Aliyev's visit marked the end of Venezuelan oil supply project
During the visit, many agreements on cooperation between the two countries were signed. However, their insignificance and the low foreign trade level between the two countries suggests, that the main purpose of the visit was to close the biggest deal between the two countries in recent years: cooperation on oil supply using swap schemes.
On August 28-29, Azeri President Ilham Aliyev visited Belarus and met with Alexander Lukashenko.
There is a broad list of agreements signed during the visit, but the most important is the inter-governmental agreement on the creation of favorable conditions for the leasing expansion. The remaining agreements are mostly formal and could be signed by other high level officials. A statement about joint export to third countries is not more than a declaration of intent. 94.5% of Azerbaijan’s export (USD 26.6 billion) is energy products. Azerbaijan hardly needs assistance of Belarus to export its gas.
It would be difficult to maintain upwards dynamics in foreign trade. Excluding oil supply, in 2011 imports from Azerbaijan totaled USD 9.3 million; in 2012 Azeri oil supplies have been suspended and imports were worth about USD 6 million in the first five months. Exports from Belarus to Azerbaijan increase, but even overcoming the USD 200 million threshold will not help keeping up the bilateral trade volume achieved in 2011.
Currently further cooperation using swap schemes is impossible. Venezuelan oil price is well above the price of Russian oil in 2012. Capacity of Belarusian refineries reached 100% and there is no economic feasibility for oil supplies using a difficult route. Moreover, experts raised many questions regarding oil supplies using swap agreements due to the supplies’ inarticulate logistics. Tankers demurrage and Azeri oil shipping via suboptimal routes significantly undermined the deals’ economy.
Therefore the visit of Ilham Aliyev probably marked the end of multilateral cooperation on oil supplies. Recent visit of President Lukashenko to Venezuela in a way ended one part of the deal, and the visit of the President of Azerbaijan put an end to the entire project.
Amid budgetary cuts on social protection, the Belarusian public sector is experiencing a management crisis and a balance shift in the state resource redistribution system. The authorities are forced to revise their most unpopular decisions during the implementation due to the pressure from affected social groups. The state is unlikely to oppose to some civil society and opposition organisations in strengthening their role in society in order to retain touch with the population and to be able to respond to the most harsh criticism of state initiatives.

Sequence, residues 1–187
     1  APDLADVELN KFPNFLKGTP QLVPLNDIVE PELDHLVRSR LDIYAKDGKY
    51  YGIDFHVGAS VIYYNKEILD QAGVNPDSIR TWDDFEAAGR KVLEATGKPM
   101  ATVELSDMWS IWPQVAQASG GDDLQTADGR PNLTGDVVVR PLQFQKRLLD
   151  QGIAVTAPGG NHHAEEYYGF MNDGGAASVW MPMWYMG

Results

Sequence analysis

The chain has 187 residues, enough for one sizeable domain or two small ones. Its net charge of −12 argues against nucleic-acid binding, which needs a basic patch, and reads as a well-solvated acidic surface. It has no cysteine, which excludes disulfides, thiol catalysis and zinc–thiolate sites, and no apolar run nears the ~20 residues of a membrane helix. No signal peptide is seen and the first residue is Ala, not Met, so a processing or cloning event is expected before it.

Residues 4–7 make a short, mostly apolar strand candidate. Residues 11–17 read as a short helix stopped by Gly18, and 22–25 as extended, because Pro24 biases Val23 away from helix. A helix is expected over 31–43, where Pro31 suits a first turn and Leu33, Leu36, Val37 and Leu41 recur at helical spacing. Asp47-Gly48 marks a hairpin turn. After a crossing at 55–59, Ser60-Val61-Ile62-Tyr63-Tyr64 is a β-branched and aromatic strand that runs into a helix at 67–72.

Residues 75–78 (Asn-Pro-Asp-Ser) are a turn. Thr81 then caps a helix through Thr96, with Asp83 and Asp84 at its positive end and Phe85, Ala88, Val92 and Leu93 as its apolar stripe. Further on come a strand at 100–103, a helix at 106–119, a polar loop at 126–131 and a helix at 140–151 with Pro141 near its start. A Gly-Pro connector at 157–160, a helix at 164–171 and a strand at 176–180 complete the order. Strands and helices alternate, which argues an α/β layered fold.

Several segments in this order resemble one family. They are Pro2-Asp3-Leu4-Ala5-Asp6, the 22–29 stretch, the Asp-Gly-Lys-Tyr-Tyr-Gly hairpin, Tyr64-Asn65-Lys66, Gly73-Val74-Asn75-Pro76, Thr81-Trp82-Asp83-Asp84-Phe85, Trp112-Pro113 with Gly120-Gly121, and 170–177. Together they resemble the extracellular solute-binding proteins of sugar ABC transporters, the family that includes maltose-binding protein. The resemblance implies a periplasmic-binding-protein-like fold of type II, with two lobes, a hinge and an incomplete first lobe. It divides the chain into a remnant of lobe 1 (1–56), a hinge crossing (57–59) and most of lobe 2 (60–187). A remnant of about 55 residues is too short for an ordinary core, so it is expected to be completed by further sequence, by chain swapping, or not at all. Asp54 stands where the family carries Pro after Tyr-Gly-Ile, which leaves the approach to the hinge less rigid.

The Architecture and Construction Ministry has acknowledged that the decree No 585 on assistance to large and young families in building and buying housing was prematurely rescinded.
The authorities are often forced to revise their decisions on curtailing social assistance to different social groups during their implementation, without preliminary impact assessment and feedback from the population, so as they lead to the growth in social tension. Due to the centralised decision making, languishing state resources and the lack of public debate as a balancing instrument in issues related to social protection, the state administration is losing control of the population.
Perhaps, the compensatory mechanisms of the state apparatus lack the time to adjust to dwindling state resources for supporting the existing social model, even in a reduced form. The authorities have completely or partially paralysed operations of independent public institutions and representative bodies, through which they could monitor public moods and receive feedback from the population, such as local councils, the parliament, political parties and NGOs. Last year, under the pressure of the authorities, the last independent institute for measuring public sentiment, IISEPS, suspended operations.
President Lukashenka’s self-removal from the decision-making on current socio-economic issues, also could have affected the state apparatus’ operations. The president has always been very sensitive about adopting unpopular decisions which could lower his popular support, hence demanded a careful preliminary assessment of such decisions. However, recently, especially after the introduction of the tax on social dependants, the president has mainly focused on the foreign policy agenda.
Hence, a lacuna has formed in the state decision-making after the president reduced participation in the current socio-economic policy formation, which leads to an increase in manifestations of dysfunction in the public administration.